“I must uphold my ideals, for perhaps the time will come when I shall be able to carry them out.” – Anne Frank
Amsterdam is set up like one giant circle. Read: the most ideal set-up for a not-so-savvy map reader like me.
I loved this city. The streets are neatly divided by beautiful canals. One night we rented a boat with friends and explored the canals on our own, talking about what it would be like to live on one of the many houseboats there. Life seems like it would be more simple. A one story residence, on the water, moveable if you get tired of the spot you are in.
There was one address that I wanted to see the most though, and it was not a houseboat: 263 Prinsengracht, Amsterdam, where Anne Frank and her family hid during World War II.
263 Prinsengracht was where Otto Frank ran his businesses, with just four employers, who helped the family go into hiding. The Franks stayed in the rear extension of the building, hidden from street view. This came to be known as the “Secret Annex.”
Anne, her sister Margot, her parents Otto Frank and Edith Frank were confined to this annex, with four other individuals who arrived later: Hermann Van Pels, Auguste Van Pels, Peter van Pels, and Fritz Pfeffer.
The self-guided tour took us behind the original bookshelf that hid the stairs leading up to the annex. We climbed the stairs and explored the living room, bedrooms, tiny bathroom and kitchen areas. All rooms were practically empty, with blackout curtains covering each window completely. Photos and small reconstructions of what the room looked like when the eight were there were in the corners. Excerpts from Anne’s diary were painted on the walls.
The only time Anne got a glimpse of the outside world was from the window in the attic. She and Peter would climb up in the morning and look out the window at the sky.
“The sun is shining, the sky is deep blue, there’s a magnificent breeze, and I’m longing – really longing – for everything,” Anne wrote.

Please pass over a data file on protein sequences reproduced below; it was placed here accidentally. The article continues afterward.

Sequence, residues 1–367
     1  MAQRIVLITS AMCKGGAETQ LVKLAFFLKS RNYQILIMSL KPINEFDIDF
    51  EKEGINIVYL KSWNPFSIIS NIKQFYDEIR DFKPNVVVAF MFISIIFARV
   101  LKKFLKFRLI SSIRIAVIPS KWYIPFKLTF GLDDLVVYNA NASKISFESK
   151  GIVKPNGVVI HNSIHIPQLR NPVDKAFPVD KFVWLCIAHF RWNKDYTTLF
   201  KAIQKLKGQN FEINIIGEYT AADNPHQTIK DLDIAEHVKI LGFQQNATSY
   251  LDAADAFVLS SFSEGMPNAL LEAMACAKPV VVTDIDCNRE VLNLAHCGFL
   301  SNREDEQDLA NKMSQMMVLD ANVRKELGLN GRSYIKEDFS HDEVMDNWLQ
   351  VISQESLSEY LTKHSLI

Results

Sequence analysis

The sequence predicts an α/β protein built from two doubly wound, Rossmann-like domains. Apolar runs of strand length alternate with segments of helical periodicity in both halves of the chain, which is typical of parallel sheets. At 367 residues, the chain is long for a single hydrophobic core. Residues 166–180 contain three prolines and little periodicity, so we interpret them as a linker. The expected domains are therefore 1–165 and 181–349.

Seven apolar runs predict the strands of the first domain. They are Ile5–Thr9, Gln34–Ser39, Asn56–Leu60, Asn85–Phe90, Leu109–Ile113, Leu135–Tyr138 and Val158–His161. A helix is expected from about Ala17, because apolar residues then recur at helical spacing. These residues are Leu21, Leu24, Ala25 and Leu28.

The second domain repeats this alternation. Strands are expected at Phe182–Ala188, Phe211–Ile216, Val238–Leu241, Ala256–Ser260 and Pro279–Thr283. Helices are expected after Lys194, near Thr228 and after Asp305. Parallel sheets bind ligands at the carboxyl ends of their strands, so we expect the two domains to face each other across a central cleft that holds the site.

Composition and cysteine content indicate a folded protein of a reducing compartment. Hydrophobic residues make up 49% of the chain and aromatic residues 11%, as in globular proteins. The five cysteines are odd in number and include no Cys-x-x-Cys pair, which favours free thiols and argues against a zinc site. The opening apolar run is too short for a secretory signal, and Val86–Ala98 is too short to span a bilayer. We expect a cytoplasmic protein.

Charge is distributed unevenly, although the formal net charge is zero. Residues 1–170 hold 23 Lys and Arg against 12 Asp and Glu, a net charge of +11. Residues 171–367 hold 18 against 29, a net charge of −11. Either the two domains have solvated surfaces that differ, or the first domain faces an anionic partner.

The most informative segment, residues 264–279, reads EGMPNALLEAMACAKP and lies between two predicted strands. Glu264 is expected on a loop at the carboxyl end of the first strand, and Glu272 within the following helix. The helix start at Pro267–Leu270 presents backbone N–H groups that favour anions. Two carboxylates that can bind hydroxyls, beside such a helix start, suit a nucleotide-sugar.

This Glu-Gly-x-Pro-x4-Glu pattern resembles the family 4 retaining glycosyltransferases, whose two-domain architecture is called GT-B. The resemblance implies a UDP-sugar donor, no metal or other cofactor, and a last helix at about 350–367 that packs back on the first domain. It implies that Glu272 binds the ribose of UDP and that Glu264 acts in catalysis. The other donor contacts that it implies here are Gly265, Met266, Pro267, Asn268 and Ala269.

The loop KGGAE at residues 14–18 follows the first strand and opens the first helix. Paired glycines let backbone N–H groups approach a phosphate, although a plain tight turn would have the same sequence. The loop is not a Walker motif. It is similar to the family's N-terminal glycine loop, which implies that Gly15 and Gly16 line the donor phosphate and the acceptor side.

On March 28th 1944, the eight in hiding listened quietly to the radio and heard a broadcast from London announcing that once the war ends, journals and other types of detailed documentation kept during this period would be collected and saved for future generations to read.
After hearing this announcement, Anne thinks of her diary and imagines what it would be like to be an author. In May of 1944, just three months before the eight are found and captured by the Germans, she notes that she’s began her novel.
“At long last after a great deal of reflection I have started my Achterhuis (Secret Annex), in my head it as good as finished, although it won’t go as quickly as that, if it ever comes off at all.”
Of the eight, Otto Frank was the only one to survive the war. He was given Anne’s journal when he was liberated from Auschwitz Birkenau and returned to Amsterdam to try and find his family. He found out his daughters and wife did not survive. It took him a long time to read the journal.
He was instrumental in the diary becoming published, The Diary of a Young Girl, in 1947, and helped organize and open the Anne Frank House in 1960.
You can feel Anne’s angst and frustration through the entries describing her time in the annex. But there are so many, if not more, entries of hope, bravery, and determination. Although she unfortunately did not live to see this happen, Anne did ultimately accomplish her dream of being a writer, and has influenced millions all over the world.
Despite the chaos in her life, Anne Frank found a dream to hold on to. I will always remember that.
Thanks for following along,
26 year-old Anna Idler lives in Montgomery County, PA and is a freelance writer for Montco Happening. To learn more about her travels, check out her website Outlaw Summer.
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